[Content Warning: links contain occasionally graphic descriptions of emotionally and sexually abusive relationships. Names have been removed]
Over the last few days, allegations of sexual abuse and emotional manipulation have surfaced in the YouTube community. Specifically, the concerns have arisen in the various fandoms connected by DFTBA Records, a music label and merchandise manufacturer for YouTube-based entertainers co-founded by Hank Green and Alan Lastufka in 2008. (Green is also one half of the vlogbrothers YouTube project, along with his brother, young adult novelist John Green.)
DFTBA Records co-founder Alan Lastufka responded to the Milsom allegations by removing Milsom’s products from the site and by donating the profits he had earned by collaborating with Milsom to RAINN (Rape, Abuse, and Incest National Network). John and Hank Green also spoke out in support of her.
After the Milsom allegations were made public, several former fans of fellow DFTBA musician and British YouTuber Alex Day came forward with accusations ranging from outright sexual abuse to general emotional manipulation and lack of respect for boundaries. Alex Day’s initial response read:
At no point in my life have I ever had a sexual relationship with someone under the age of consent. (For full disclosure, I’ve said publicly that I lost my virginity at age fourteen, but the girl in question was sixteen – the UK age of consent – so this point stands.)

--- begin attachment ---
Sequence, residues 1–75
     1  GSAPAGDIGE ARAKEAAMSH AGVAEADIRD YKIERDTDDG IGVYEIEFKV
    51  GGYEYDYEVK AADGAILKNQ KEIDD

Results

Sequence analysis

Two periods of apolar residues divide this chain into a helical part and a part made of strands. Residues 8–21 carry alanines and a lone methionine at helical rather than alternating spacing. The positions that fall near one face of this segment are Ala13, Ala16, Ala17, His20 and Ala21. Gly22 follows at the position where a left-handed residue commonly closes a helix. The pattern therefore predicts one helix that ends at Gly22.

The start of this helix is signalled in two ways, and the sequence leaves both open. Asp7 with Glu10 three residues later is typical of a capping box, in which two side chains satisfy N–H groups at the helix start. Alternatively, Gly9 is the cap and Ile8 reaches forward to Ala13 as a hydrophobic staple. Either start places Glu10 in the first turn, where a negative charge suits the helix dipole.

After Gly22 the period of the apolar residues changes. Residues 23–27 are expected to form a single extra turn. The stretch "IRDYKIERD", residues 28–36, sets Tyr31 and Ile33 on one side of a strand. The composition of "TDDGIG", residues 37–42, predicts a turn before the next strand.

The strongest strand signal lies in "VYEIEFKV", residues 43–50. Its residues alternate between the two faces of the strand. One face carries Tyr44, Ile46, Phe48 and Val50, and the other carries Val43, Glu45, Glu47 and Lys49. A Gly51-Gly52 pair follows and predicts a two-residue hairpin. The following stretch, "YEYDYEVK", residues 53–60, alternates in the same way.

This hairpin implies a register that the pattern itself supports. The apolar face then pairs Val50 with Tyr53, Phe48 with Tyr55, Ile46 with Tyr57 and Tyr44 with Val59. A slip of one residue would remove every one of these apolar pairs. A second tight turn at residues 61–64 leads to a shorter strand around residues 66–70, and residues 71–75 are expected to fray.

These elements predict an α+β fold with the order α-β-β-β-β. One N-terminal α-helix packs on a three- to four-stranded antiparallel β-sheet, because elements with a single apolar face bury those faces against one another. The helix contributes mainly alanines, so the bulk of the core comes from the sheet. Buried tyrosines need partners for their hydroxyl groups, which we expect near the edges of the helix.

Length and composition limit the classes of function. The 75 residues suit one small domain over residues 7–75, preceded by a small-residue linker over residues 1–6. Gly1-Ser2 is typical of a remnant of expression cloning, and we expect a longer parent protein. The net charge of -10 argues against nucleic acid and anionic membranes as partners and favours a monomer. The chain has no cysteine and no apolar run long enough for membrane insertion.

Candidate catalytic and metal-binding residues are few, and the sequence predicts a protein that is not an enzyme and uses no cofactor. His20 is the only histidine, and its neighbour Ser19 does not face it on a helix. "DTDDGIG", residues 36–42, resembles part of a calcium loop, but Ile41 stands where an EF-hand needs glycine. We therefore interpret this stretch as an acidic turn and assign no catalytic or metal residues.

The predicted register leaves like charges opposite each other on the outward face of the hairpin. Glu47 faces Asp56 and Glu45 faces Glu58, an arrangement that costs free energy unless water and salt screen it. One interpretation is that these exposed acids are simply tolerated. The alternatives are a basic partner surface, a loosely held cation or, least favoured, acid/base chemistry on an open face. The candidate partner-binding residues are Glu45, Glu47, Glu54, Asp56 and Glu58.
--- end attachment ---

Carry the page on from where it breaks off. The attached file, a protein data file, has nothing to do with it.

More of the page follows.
At no point in my life have I ever undertaken any romantic activity, sexual or otherwise, without being sure the other person wanted it.
Until yesterday, I thought that I had had only appropriate, though occasionally manipulative relationships with women. However, the model of consent that I followed, not that I specifically thought about it at the time – was that only ‘no’ meant ‘no.’ That is not what consent is.
The result of that belief that ‘only no means no’, is that I spent a long part of my life doing shitty things to good people and barely ever realising or acknowledging that I was doing the shitty things
These are people I know on a human level, not just through a computer screen. And those are the people that it is the most difficult to be disappointed by. But as I stated in my post earlier this week about Tom, this kind of activity is not okay, and we need to help other people in positions of influence or power understand that.
I’m angry that when someone is called out for emotional manipulation, that person gives their point of view in a post on the internet that was obviously crafted to portray that person in the very best light they could be portrayed, and people believe that like it’s not just confirming what has already been said: this person is good at manipulating you until you agree with him.